Shana wrote about weekly one pagers about a year ago, and I first started them with my AP students last January. It’s a simple concept. Students write every week. They write what they think, feel, and want to explore.

My modification for my AP students is to have them write weekly about what they are reading independently or specifically for class. The emphasis is to contextualize a chosen quote that they find impactful in some way and then react to it. Part craft study, part reflection, part magic. Beyond that, I encourage students to let their writing flow. 500 words (ish). Single spaced. Analysis. Reflection. Once per week. No exceptions.

Since the point is to write more (and more, and more, and more), I try to keep in mind that I don’t need to read every word. With four sections of AP Language this year, totalling 81 students, I’d be in way over my head. So instead, I keep the scores formative, rotate through the classes to comment on one section of the four per week, and give completion scores for those I skim over. Students use turnitin.com to submit the writing each week, so it’s organized and in one place. Occasionally, we’ll discuss our quotes in small groups and/or use the writing for some craft study in class.

sample-3

sample-2

sample-1

Those are the logistics.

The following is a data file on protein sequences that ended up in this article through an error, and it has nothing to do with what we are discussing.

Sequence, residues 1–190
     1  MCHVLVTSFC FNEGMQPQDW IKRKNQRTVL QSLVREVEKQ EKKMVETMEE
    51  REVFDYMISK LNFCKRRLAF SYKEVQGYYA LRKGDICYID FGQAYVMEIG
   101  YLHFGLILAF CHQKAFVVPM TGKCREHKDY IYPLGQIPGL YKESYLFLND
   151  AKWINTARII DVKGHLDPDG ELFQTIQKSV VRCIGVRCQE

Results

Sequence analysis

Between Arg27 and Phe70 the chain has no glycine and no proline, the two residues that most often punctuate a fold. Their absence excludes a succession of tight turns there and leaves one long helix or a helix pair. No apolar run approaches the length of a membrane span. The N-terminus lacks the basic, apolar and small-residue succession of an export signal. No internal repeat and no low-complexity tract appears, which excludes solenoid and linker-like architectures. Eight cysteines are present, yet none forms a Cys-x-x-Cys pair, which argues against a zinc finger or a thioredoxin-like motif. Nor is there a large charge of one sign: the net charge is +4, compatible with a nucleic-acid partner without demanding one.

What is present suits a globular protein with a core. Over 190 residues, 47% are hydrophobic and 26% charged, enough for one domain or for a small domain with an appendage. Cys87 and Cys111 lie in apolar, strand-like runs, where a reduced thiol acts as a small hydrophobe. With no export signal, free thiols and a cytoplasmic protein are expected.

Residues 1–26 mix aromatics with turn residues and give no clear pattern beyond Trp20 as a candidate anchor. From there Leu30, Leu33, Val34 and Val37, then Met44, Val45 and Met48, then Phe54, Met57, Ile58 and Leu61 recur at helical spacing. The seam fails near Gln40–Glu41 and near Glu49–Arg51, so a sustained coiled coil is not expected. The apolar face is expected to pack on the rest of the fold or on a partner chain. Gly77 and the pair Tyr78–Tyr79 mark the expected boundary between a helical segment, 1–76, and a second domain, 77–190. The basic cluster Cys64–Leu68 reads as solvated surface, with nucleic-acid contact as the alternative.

My favorite part of this practice, however,  is the way it provides a safe place for my writers to grow, and when they really embrace the exercise, fantastic things happen.

At the start of this school year, I received an email from Simrah, a former student who finds herself in college this year:


Mrs. Dennis,
     I hope you are doing well. I’m having a wonderful time in college and have been meaning to email you to say thank you for having us write one pagers. In English these first two weeks of school, we have been writing one pagers on different readings. Doing so last year was very helpful. We continue to write one page type essays in my class as a grade and being able to do it without question has been great! You can tell you AP Lang students I said this. Thanks again and I hope you have a wonderful school year. Hopefully I’ll stop by the school some time to say hello personally 😉 ❤

Sincerely,
        Simrah —– (a very thankful one pager writing college student)


Just this week, as I introduced my AP Language students to their upcoming “opportunity” to grow as writers, I received an email from Charlie, a young man whose heart is big, his desire to learn is bigger, and unfortunately, this week, he had an unexpected topic emerge for his one pager that turned his piece into an outpouring of emotion that he desperately needed and brought tears to my eyes.